The Fifth International Workshop on Domain-Specific Languages and Models for Robotic Systems (DSLRob'14) was held in conjunction with the 2014 International Conference on Simulation, Modeling, and Programming for Autonomous Robots (SIMPAR 2014), October 2014 in Bergamo, Italy. The main topics of the workshop were Domain-Specific Languages (DSLs) and Model-driven Software Development (MDSD) for robotics. A domain-specific language is a programming language dedicated to a particular problem domain that offers specific notations and abstractions that increase programmer productivity within that domain. Model-driven software development offers a high-level way for domain users to specify the functionality of their system at the right level of abstraction. DSLs and models have historically been used for programming complex systems. However recently they have garnered interest as a separate field of study. Robotic systems blend hardware and software in a holistic way that intrinsically raises many crosscutting concerns (concurrency, uncertainty, time constraints, ...), for which reason, traditional general-purpose languages often lead to a poor fit between the language features and the implementation requirements. DSLs and models offer a powerful, systematic way to overcome this problem, enabling the programmer to quickly and precisely implement novel software solutions to complex problems within the robotics domain.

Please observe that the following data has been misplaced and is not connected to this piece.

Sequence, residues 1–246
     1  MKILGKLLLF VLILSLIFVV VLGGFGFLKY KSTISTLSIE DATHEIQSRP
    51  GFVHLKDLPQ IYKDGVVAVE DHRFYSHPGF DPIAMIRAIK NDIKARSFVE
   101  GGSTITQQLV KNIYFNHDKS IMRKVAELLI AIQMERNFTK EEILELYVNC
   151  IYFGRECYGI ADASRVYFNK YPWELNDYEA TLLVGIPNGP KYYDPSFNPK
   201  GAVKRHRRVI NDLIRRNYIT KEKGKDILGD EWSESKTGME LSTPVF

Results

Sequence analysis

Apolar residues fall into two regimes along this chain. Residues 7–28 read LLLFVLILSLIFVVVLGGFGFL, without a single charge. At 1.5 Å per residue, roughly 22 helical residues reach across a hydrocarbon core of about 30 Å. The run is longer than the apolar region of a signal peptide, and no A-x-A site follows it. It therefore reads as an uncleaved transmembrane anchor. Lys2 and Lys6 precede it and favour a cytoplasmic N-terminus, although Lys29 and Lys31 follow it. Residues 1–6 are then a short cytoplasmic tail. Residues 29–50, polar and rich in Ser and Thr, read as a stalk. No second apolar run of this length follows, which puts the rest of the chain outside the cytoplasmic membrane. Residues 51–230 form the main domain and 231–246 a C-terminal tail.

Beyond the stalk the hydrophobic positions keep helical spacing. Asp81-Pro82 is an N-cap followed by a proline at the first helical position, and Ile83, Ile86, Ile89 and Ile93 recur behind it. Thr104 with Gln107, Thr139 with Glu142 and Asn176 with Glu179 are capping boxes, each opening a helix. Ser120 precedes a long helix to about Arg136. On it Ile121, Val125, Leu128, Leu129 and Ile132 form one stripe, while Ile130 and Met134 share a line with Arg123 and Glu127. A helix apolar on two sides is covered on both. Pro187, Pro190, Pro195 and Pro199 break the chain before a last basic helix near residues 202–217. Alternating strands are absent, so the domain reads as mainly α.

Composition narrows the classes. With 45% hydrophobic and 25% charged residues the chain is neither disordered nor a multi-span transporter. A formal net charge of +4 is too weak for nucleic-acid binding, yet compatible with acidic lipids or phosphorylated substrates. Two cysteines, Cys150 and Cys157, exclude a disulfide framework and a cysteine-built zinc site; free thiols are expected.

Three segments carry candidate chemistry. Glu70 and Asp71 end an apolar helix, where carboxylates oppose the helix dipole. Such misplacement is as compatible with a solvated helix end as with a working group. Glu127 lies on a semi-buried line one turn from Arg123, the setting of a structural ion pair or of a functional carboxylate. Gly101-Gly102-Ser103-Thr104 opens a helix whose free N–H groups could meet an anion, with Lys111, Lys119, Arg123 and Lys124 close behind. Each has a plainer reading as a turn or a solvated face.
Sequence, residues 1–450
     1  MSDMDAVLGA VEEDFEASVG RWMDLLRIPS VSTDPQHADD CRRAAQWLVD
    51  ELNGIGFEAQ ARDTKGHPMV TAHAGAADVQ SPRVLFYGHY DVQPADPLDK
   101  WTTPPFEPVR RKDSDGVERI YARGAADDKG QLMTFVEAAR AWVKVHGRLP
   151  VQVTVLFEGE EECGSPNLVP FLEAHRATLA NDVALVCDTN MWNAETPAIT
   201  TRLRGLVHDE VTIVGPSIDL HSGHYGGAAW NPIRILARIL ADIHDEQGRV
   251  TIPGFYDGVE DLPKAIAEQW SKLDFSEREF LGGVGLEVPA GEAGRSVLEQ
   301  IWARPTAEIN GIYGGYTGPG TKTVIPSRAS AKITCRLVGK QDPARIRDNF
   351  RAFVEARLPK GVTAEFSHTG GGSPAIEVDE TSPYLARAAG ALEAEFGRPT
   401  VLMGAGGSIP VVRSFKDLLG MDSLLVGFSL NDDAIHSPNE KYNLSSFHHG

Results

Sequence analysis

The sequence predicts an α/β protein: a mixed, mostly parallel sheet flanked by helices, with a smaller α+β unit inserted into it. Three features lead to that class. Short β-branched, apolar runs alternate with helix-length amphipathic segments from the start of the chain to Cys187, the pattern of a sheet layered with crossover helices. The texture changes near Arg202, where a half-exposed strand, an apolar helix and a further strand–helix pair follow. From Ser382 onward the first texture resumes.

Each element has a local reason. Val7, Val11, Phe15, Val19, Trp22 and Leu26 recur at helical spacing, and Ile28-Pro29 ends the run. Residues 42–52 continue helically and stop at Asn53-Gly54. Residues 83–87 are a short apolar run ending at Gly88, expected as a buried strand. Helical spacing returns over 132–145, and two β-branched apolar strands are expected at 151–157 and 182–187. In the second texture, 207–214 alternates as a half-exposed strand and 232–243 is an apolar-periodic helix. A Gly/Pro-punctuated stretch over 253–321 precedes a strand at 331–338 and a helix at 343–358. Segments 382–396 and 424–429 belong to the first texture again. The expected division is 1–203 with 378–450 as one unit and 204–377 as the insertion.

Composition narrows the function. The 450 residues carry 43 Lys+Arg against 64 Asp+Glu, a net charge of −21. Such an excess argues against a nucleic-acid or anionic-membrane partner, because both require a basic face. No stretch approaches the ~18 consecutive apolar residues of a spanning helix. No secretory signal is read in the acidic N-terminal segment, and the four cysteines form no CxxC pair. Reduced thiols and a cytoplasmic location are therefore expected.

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Proceedings of the Third International Workshop on Domain-Specific Languages and Models for Robotic Systems (DSLRob 2012)

Feb 20, 2013
Christian Schlegel, Ulrik P. Schultz, Serge Stinckwich